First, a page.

Academy mascot found dead in Hollywood
|Coroner's officials remove body of Hollywood icon from his home.|
The cause of death is still under investigation, but foul play “has been ruled out” said county coroner investigative officer Ramon Navarro. “He was beloved but, still, we have to check out every angle,” Navarro said. “Not everyone was happy with him.”
“We’re still in shock at today’s news,” said Cheryl Boone Isaacs, president of the Academy of Motion Picture Arts and Sciences. “Oscar was pure gold—a loyal, straight up guy in a business not known for those traits. He’ll be sorely missed.”
“I’m devastated,” said Academy Award winner Meryl Streep. “He was a mensch. We all thought he’d be around forever. He never seemed to age.”
“I just saw him two weeks ago and he seemed tired—like ‘fed up’ tired,” said longtime friend Jodie Foster. “He said a few things about the movies and lawyers and cable TV that I didn’t quite get. He was especially bitter about digital. It was just the usual ‘cranky Oscar’ stuff, you know? I gave him a ride home and didn’t think anything of it.”
Oscar became a mainstay during Hollywood’s “Golden Age,” often seen in the company of luminaries with names such as Gable, Huston, Cagney, Bogart, Ford, Peck, and Poitier as well as more contemporary stars like Tom Hanks, Jack Nicholson, Dustin Hoffman, and Al Pacino.
In the early 1970s, he head-butted George C. Scott who, after a night of drinking, called Oscar “washed up, a tin god,” said Ed Maven, a longtime bartender at the Formosa Café in West Hollywood, once a popular watering hole for Hollywood’s elite. “If he could’ve raised one of those arms, he would’ve put George in Cedars,” Maven said.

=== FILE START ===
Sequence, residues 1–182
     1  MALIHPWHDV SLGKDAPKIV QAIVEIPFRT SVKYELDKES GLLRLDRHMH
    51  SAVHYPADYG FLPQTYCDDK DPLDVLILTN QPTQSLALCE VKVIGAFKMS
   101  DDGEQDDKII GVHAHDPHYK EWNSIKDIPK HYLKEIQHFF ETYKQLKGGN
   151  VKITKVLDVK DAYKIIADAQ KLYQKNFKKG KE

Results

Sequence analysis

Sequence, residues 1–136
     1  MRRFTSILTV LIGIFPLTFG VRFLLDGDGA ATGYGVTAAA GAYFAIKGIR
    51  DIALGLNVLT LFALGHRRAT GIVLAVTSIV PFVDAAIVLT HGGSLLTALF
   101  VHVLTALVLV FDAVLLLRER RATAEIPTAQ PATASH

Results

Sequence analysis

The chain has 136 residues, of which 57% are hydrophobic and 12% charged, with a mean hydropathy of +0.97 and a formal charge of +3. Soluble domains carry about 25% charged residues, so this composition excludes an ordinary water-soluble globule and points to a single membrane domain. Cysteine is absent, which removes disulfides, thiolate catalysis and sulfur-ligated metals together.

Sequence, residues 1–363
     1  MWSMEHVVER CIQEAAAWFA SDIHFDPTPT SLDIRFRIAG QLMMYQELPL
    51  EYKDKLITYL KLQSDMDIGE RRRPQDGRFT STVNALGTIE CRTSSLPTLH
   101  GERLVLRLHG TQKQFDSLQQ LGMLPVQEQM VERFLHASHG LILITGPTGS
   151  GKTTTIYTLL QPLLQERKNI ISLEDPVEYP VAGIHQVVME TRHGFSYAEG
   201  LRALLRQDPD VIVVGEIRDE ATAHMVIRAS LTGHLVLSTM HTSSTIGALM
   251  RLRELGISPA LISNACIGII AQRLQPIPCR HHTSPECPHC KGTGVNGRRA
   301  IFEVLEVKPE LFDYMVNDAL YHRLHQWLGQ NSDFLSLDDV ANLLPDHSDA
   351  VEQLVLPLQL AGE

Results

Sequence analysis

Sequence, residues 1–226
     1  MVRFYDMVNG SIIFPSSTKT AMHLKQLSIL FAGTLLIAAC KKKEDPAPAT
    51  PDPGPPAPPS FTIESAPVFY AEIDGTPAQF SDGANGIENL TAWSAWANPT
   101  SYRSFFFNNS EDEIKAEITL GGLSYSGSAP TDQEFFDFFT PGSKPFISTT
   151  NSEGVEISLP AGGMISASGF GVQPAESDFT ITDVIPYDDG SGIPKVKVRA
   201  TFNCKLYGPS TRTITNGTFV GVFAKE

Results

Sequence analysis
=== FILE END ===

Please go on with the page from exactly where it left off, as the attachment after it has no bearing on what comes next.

|Oscar at after-partywith activist Sacheen Littlefeather, who |
accepted Best Actor award for Marlon Brando, 1973.
A changing Hollywood put the kibosh on Oscar’s mood for socializing. In a 2011 interview with the Hollywood Reporter, he railed about a “lack of class” and actors showing up at premiers “dressed like their ten-year-old sons.”
“He’d been down for a long time," said director Steven Spielberg. "He said people would stop him on the street and ask him if he’d ‘had work done’ because he always looked so buff and smooth. Or they’d call him ‘C3PO’ and asking him to say things in that voice. It pissed him off at first, but he started to internalize it. Even Oscar had his pride.”
|Oscar awaits his entrance at the 83rd Academy Awards|
show in 2011, Kodak Theatre, Hollywood [Getty Images]
“Dad was always so proud of his position in Hollywood,” his daughter Annie said in a phone interview. “But he was frustrated that no one saw him for himself. He used to love to say, ‘Always a bridesmaid,’ but we didn’t know how his lack of recognition as a person really affected him.”
Services are pending, though a memorial at The Ivy is being organized by close friends.